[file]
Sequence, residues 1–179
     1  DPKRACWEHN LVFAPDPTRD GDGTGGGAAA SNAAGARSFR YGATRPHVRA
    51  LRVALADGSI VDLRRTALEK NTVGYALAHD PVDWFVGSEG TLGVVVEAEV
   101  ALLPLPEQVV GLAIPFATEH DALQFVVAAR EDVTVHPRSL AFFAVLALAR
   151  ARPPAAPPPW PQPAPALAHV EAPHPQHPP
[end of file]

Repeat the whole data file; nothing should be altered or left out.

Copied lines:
Sequence, residues 1–179
     1  DPKRACWEHN LVFAPDPTRD GDGTGGGAAA SNAAGARSFR YGATRPHVRA
    51  LRVALADGSI VDLRRTALEK NTVGYALAHD PVDWFVGSEG TLGVVVEAEV
   101  ALLPLPEQVV GLAIPFATEH DALQFVVAAR EDVTVHPRSL AFFAVLALAR
   151  ARPPAAPPPW PQPAPALAHV EAPHPQHPP